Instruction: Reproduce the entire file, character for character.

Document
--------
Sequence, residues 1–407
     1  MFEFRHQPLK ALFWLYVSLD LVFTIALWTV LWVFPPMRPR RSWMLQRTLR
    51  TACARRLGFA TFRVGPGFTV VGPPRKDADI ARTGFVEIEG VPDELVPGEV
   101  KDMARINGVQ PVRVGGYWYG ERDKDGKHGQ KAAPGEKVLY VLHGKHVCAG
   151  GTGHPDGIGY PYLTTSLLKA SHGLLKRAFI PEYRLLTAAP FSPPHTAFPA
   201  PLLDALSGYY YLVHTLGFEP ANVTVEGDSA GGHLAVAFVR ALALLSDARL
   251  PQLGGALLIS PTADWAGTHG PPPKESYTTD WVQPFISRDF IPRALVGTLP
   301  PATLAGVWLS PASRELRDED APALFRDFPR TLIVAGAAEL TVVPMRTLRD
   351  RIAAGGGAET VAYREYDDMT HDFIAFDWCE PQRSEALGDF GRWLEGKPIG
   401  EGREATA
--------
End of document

Sequence, residues 1–407
     1  MFEFRHQPLK ALFWLYVSLD LVFTIALWTV LWVFPPMRPR RSWMLQRTLR
    51  TACARRLGFA TFRVGPGFTV VGPPRKDADI ARTGFVEIEG VPDELVPGEV
   101  KDMARINGVQ PVRVGGYWYG ERDKDGKHGQ KAAPGEKVLY VLHGKHVCAG
   151  GTGHPDGIGY PYLTTSLLKA SHGLLKRAFI PEYRLLTAAP FSPPHTAFPA
   201  PLLDALSGYY YLVHTLGFEP ANVTVEGDSA GGHLAVAFVR ALALLSDARL
   251  PQLGGALLIS PTADWAGTHG PPPKESYTTD WVQPFISRDF IPRALVGTLP
   301  PATLAGVWLS PASRELRDED APALFRDFPR TLIVAGAAEL TVVPMRTLRD
   351  RIAAGGGAET VAYREYDDMT HDFIAFDWCE PQRSEALGDF GRWLEGKPIG
   401  EGREATA